Monthly archives: June, 2017

Peninsula Classics Best of the Best 2017

The Peninsula Classics Best of the Best was created in 2016 by the Hong Kong-based luxury hotel group to add a layer of celebration on top of the world’s most important vintage car awards. It’s a complement to The Quail Motorsports Gathering which Peninsula Hotels sponsors during Monterey Car Week and in the future will travel around the world. This year’s winner was a 1954 Maserati A6GCS/53 Berlinetta with coach-work by Pininfarina—chosen from a group of eight remarkable cars, the Maserati stands out for its unique provenance and incredible unrestored condition.

First presented at the 1954 Paris Motor Show, the car is one of only four Berlinetta-style sports cars that Pininfarina ever made and is considered the best preserved of the group given it’s the only one that has retained both its original chassis and body. The original owner raced it several times, including at the 1955 Mille Miglia, which is a poetic tie to today’s owner, Timm Bergold of The Destriero Collection.

A life-long modern car aficionado, Bergold developed his passion for vintage cars when a friend invited him to co-pilot at Mille Miglia. They continued this partnership for five years before Bergold decided it was time to enter the world of vintage car ownership and race his own vehicle. And thus his collection began. “I don’t have a large collection of vintage cars, but I have very particular ones. It’s not the number that’s important to me, it’s the quality,” he told us recently. Four years ago he met the previous owner of the 1954 Maserati Berlinetta, admitting it was his dream car. The owner didn’t want to sell, but Bergold gave him a deposit anyway asking for the first opportunity to buy it when he’s ready. Almost a year later, the car was finally Bergold’s. “Still, every time I see this car I can’t believe it’s sitting in my garage. It’s like a sculpture. If I could, I would put it in my garden—it doesn’t belong in a garage,” he tells us with true passion in his eyes.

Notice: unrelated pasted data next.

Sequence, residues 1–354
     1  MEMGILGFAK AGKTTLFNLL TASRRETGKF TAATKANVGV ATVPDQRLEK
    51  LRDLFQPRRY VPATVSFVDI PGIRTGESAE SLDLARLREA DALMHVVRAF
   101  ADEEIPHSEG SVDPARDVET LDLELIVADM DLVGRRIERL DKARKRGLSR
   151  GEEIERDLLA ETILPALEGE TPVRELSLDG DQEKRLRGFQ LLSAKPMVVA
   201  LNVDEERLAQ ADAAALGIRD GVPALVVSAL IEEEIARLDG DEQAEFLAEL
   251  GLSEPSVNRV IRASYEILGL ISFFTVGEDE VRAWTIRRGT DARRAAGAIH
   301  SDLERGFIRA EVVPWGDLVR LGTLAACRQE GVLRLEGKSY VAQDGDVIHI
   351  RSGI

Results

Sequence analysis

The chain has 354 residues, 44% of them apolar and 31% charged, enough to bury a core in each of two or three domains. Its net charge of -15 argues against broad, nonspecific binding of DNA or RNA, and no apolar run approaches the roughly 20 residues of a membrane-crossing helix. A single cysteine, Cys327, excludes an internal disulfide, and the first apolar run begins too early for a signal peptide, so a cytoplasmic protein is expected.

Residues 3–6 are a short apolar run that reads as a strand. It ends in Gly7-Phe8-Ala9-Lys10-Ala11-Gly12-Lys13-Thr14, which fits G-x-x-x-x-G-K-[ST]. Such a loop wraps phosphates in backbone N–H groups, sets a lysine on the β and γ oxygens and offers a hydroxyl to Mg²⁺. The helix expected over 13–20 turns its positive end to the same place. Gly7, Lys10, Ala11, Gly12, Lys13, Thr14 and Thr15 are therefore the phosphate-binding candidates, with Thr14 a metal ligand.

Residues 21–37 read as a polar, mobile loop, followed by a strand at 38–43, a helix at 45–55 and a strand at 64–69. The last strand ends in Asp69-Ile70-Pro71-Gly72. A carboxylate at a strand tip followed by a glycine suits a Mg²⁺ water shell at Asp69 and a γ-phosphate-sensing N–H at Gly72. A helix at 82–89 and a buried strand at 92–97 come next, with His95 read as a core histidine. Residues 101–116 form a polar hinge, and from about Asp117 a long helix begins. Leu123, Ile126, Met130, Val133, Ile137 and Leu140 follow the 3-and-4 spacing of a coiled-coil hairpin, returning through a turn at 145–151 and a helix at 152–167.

The 1954 Maserati A6GCS/53 Berlinetta will be on display today at The Quail Motorsports Gathering along with many, many more phenomenal vintage cars plus some examples of modern and future vehicles. We will be taking over the Peninsula Hotel’s Instagram account for the day, so be sure to tune in to @PeninsulaHotels and also follow #Quail2017 for a look at the cars, their owners and other highlights from the event.


Nesting and Cutting Leather with Grant Stone

Nesting patterns onto the leather is the first step to making the shoe or boot upper and is one of the most important. “Nesting” is when a person methodically maps out the upper patterns onto the leather hide. This allows the person to closely inspect the article and avoid any blemishes while utilizing the majority of the hide. It’s one of the most critical steps for a few reasons. For a factory, this is where money can be made or lost. It is a difficult job because there isn’t a straight-forward Standard Operating Procedure, and you may not know the result of a decision made until the shoe is nearly finished. For example, a questionable piece of leather may look okay once the shoe is lasted as the upper is supported. Once you remove the last, the upper may show wrinkling or other issues which were not apparent.